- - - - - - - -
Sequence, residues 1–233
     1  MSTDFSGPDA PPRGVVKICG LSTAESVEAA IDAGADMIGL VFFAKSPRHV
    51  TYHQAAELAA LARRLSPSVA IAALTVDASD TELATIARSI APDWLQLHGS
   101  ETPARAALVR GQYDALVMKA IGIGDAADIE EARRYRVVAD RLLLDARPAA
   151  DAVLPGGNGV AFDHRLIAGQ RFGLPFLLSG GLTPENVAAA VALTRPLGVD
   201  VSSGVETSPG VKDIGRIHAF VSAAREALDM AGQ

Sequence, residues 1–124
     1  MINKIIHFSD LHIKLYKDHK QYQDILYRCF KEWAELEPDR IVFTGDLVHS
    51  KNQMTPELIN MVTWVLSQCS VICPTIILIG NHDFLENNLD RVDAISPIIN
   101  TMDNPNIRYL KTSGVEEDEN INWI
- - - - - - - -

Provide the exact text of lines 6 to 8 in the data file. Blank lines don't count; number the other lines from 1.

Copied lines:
   201  VSSGVETSPG VKDIGRIHAF VSAAREALDM AGQ

Sequence, residues 1–124
     1  MINKIIHFSD LHIKLYKDHK QYQDILYRCF KEWAELEPDR IVFTGDLVHS